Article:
Sat, Apr 16|
When 2 Worlds Collide: Ethical Self Care for The Play Therapist- Parent
This training will review the challenges of being a play therapist and parent to children with similar needs and experiences of your clientele. We'll discuss ethical self-care strategies to prevent burnout when treating issues "close to home."
Time & Location
Apr 16, 2022, 9:00 AM – 12:00 PM MDT
About the event
Many parent-therapists report that their identity and experience as a parent helps them to better understand development, empathize with their clients, and utilize primitive affect and intuition in their clinical work. Additionally, professionals report that being a therapist often helps with effective positive parenting skills that they utilize at home. In addition to the strengths of being a play therapist-parent, being both a parent and a play therapist during the COVID-19 pandemic has brought about unique and significant challenges, causing a spike in both burnout and significant parenting stress. Prior to the pandemic, it was common practice to explore appropriate referrals and supervision when a client's experiences activate countertransference, personal conflicts, and a feeling of "too close to home" in the clinician. During a pandemic, all children and parents are affected by the same significant stress, and an outside referral may not be as accessible. In order to have an ethical and effective play therapy practice, a review of ethical self-care is a must. During this training, we will explore the most recent research on COVID's effect on burnout rates amongst mental health practitioners, and spikes in stress levels and mental health diagnoses amongst parents and children. We will discuss implementation of strategies that enhance parenting skills both in and outside of the playroom, and ethical self-care according to the ethical guidelines of the attendee's licensing board and the APT Best Practices guide.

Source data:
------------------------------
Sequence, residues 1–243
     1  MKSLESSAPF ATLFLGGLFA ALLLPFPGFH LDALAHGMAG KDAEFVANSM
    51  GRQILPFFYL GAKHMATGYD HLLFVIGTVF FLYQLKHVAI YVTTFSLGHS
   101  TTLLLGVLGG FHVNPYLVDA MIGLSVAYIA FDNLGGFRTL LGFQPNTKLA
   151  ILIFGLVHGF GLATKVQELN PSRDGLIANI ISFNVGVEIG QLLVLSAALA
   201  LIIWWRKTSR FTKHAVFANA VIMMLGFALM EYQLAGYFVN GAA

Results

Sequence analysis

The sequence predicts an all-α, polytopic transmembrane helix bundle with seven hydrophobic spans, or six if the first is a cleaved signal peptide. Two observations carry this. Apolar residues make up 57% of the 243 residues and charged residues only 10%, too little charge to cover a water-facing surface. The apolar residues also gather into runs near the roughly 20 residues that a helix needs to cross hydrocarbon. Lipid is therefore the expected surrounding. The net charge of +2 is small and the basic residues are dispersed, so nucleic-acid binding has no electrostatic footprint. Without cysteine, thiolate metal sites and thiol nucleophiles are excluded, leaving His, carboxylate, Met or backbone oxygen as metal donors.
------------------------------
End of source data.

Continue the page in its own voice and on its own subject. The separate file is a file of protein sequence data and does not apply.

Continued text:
Until March 2022